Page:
Verbena - La Musica Negra (Cover Artwork)


La Musica Negra (2003)


A recent review in the Portland Mercury labeled Verbena as "The Paul Simon's of grunge."

Whatever the fuck that means.

They have been around since 1996 and have released four albums to their name. They have met and hung out with David Grohl from the Foo Fighters, who eventually went on to produce Verbena's third album, "Into the Pink."

"La Musica Negra," Verbena's first venture into the ethic album titles, is by far their greatest accomplishment yet, and barely anybody has even heard about them.

We've seen it done before, a band taking their blues and punk influences and blending them together to form their own private little genre. It rarely works, but for some reason this does.

Scott Bondy, Alabama's own Kurt Cobain, has become known as the next, well, Kurt Cobain. Verbena's music, which is obviously inspired by the likes of Nirvana, the Stooges and the Foo Fighters, have brought their own cards to the table, and have the balls to make all the other bands call.

But even Verbena is unhappy with the comparisons to the previous grunge bands.

"I don't even own a flannel shirt." Bondy once said.

"La Musica Negra" is the first album without Bondy's female counterpart, Anne-Marie Griffin, who went off to school. Verbena's first three albums relied heavily on the male/female vocals, which gave into numerous comparisons to the Pixies. Which, by the way, can never be a bad thing. So Scott is left alone to do the vocals, but it doesn't seem to matter. Scott's southern drawl makes almost every word in every song feel just a little more sexier. I never thought that I would use the word "sexier" in a review.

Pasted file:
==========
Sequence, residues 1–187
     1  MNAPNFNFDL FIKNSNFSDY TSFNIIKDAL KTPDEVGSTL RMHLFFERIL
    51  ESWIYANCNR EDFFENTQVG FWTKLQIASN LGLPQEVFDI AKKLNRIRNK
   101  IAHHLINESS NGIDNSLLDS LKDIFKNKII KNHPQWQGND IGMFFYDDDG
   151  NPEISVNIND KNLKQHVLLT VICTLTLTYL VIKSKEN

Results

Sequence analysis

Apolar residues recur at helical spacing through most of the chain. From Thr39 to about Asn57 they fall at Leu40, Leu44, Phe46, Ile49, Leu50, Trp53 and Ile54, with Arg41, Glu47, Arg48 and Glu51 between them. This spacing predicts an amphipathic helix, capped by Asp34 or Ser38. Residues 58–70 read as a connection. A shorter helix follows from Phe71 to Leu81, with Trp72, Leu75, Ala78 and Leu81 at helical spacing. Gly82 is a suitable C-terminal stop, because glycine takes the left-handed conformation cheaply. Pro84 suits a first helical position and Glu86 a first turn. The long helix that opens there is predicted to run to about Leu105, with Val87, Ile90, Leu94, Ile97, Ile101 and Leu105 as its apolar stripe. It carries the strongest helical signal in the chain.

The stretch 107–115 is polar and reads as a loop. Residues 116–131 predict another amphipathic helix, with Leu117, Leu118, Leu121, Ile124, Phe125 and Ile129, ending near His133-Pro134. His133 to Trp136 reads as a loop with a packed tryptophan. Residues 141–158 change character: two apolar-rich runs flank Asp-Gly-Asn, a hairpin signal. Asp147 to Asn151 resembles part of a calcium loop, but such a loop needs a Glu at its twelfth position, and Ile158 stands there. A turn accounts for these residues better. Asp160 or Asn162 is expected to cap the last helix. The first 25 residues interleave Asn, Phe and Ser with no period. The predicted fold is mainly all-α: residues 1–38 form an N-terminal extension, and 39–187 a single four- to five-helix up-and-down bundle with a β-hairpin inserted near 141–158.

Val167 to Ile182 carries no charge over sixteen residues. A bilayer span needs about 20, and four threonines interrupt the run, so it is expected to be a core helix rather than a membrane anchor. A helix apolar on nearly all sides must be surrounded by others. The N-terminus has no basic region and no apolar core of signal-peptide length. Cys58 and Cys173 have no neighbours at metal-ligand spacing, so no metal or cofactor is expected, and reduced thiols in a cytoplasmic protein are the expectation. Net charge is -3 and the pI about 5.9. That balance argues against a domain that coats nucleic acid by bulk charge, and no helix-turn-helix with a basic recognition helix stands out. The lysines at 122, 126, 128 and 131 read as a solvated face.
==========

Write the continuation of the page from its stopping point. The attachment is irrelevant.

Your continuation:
"Way Out West," Verbena's first single off of "La Musica Negra" features Verbena at their best with straight ahead rock music. And the video is pretty cool and features both Keifer Sutherland and Wee-man from Jackass.

Verbena can play anything from punk, "Killing Floor (Get Down on it)" to southern blues with tunes like "Devil in Miss Jones" and "I, Pistol."

Bondy has an obsession with guns and angels, much like the late Cobain, so almost every song contains references to the above subjects. Bondy has an amazing way at using his voice. From a growl to a whisper and to an obvious southern drawl, he does it all, and his lyrics are beautiful.

On their first two albums, Verbena tried to play the blues and on their third album they tried to play punk. "La Musica Negra" finally takes both genres and blends them to perfection.

The first intelligent man to lead an intelligent rock band who can actually blend blues and punk and create their own private little genre. It's just plain beautiful to listen to and after it's over, all of your senses seem to be fulfilled, and that is exactly what I want after listening to an album.